This morning I watched Jamie Oliver’s TED speech on the dietary crisis facing the US (and many other countries, including Australia) today. I know that there are many who find him a little sanctimonious when he gets onto his hobby-horse and starts banging on about school lunches, but the simple, inescapable fact is that he is right. Our dietary habits have changed and evolved – and not in a good way – with the result that the next generation will be the first to live a shorter life than their parents, largely because of too much of the wrong kinds of food. It is deeply shocking to see Jamie stand up in front of a classroom full of kids who can’t identify a fresh tomato or a cauliflower. In another scene, Jamie sits with a sad and confused young mother, surrounded by the food that she feeds her family, and bluntly points out that she is killing her children with it. Many believe that this is a result of modern living, lack of food education, capitalism, mass communication, the cultural hegemony of big fast food businesses, etc., etc., – but maybe this dietary evolution is a little more organic than that.
Quite coincidentally, just a couple of days ago, I read a report of a study undertaken by two brothers, one an eating behaviouralist and the other a professor of religious studies. They looked at 52 of the most noted paintings of Christ’s last supper and found that the portion sizes of the meals had increased significantly over the last 1,000 years. In general, the size of the main courses increased by a whopping 69% and the serves of bread by 23%!! While this is obviously not a scientific study, these findings tend to indicate that overeating is possibly not the modern phenomenon we think it to be, but a more general trend over hundreds of years.
I find recipes, on the other hand, can very quickly evolve from one thing into quite another – especially in my kitchen. I had been wondering how to use up the last of my lovely Food Connect pumpkin and came across a tempting recipe for little pumpkin tarts. Deciding that this was what I wanted to make, I set about checking the pantry for the bits and pieces that I needed and along the way became quite side-tracked. I ended up with a delicious meal that bore only a passing resemblance to the recipe I first started with, but one that I had tailored to my own personal preferences – I guess that is what they call “recipe development”!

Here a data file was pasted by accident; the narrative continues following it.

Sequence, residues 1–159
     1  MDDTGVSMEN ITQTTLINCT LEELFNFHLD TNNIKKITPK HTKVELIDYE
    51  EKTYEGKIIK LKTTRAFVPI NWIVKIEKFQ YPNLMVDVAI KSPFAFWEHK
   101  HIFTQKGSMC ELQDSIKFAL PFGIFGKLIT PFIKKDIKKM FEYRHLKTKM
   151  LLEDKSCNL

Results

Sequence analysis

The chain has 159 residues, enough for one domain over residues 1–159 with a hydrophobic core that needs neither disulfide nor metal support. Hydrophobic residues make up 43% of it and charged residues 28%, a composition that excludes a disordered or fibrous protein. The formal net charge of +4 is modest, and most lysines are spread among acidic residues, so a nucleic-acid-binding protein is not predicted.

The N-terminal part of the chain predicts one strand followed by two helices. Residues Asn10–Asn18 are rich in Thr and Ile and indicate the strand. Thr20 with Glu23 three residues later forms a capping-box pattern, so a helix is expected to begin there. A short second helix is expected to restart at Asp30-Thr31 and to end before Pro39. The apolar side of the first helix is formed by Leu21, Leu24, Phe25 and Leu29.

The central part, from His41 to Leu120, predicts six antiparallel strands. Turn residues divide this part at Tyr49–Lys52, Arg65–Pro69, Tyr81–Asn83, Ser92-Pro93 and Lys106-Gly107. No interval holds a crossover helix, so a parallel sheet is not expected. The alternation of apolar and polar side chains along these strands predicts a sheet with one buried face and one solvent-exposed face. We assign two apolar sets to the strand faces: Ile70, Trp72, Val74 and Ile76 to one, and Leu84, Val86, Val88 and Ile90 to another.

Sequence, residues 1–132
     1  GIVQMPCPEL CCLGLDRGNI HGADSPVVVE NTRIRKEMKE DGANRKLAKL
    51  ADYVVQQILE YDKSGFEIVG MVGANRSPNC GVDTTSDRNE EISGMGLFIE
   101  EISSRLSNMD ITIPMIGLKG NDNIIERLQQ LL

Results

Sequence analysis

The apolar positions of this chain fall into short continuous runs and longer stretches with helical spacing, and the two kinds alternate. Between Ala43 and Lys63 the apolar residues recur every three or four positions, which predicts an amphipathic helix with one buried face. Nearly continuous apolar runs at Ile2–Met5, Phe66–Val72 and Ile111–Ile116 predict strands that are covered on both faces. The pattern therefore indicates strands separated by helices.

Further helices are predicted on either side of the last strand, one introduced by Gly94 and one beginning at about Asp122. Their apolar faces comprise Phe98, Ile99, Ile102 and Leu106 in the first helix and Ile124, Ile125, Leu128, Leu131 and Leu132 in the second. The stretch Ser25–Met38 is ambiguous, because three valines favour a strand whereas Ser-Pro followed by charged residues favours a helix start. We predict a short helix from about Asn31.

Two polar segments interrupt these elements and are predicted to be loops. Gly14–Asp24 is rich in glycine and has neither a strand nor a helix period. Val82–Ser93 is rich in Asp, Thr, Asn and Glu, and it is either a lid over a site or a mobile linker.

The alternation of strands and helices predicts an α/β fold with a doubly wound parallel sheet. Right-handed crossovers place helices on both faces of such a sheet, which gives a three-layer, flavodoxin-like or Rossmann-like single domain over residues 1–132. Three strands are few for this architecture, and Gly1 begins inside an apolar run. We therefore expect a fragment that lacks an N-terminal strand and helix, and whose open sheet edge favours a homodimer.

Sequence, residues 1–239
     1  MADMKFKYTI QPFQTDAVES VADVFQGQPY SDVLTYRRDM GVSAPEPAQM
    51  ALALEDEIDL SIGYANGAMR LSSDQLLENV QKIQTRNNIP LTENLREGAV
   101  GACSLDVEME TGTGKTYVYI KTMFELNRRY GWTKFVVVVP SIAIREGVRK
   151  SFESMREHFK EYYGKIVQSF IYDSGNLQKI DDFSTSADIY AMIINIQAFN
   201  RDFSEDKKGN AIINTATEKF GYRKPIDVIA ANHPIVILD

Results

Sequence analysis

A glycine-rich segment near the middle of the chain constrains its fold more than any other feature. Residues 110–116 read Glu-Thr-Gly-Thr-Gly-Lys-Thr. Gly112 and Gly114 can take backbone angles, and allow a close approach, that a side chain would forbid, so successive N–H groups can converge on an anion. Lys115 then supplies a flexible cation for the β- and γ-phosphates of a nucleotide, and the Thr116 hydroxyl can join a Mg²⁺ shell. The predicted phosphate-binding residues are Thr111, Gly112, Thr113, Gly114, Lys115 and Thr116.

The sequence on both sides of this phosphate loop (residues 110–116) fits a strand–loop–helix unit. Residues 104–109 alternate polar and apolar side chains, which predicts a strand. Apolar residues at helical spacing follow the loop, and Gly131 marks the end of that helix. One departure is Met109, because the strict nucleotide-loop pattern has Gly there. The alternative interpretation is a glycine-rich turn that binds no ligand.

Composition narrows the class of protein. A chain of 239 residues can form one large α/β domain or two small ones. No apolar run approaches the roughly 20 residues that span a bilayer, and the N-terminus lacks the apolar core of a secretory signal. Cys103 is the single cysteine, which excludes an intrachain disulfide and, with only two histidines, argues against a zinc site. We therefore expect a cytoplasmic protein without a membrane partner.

I seriously dislike slicing onions, so the husband bravely volunteered to take on that task and I used my wonderful Thermomix to grate up all the pumpkin which was done in under 1 minute. I have to be very honest and tell you that I used frozen pastry, just because I was short on time, but any nice short crust pastry recipe will do for this.
PUMPKIN AND CARAMELISED ONION TART
I quantity of short crust pastry
2 sheets frozen pastry
3 onions, sliced
50ml olive oil
1 tbsp brown sugar
2 tbsp balsamic vinegar
750 gm pumpkin, grated
50 ml olive oil
2 tbsp fresh thyme, chopped
100 gms parmesan, grated
Preheat oven to 190C.
Line a 24cm round fluted tart tin (I used a longish rectangular one) with pastry and blind bake for approx. 10 mins.
Heat olive oil in a heavy based pan, add onions and sprinkle with sugar and balsamic vinegar. Cook on low/med heat, stirring occasionally to prevent burning, for approx. 20 minutes until the onions are soft, sweet and caramelised. Set aside.
In a large pan, heat remaining olive oil, add grated pumpkin and thyme and cook, stirring, over low heat until pumpkin is just cooked.
In a large bowl, beat eggs lightly, then add pumpkin, 3/4 of the onions and 75gms of the parmesan. Fill the pastry with this mixture, sprinkling the top with the remaining onions and parmesan.
Bake at 190C for 25-30 minutes.
Let stand out of the oven for 10 minutes, before slicing and serving.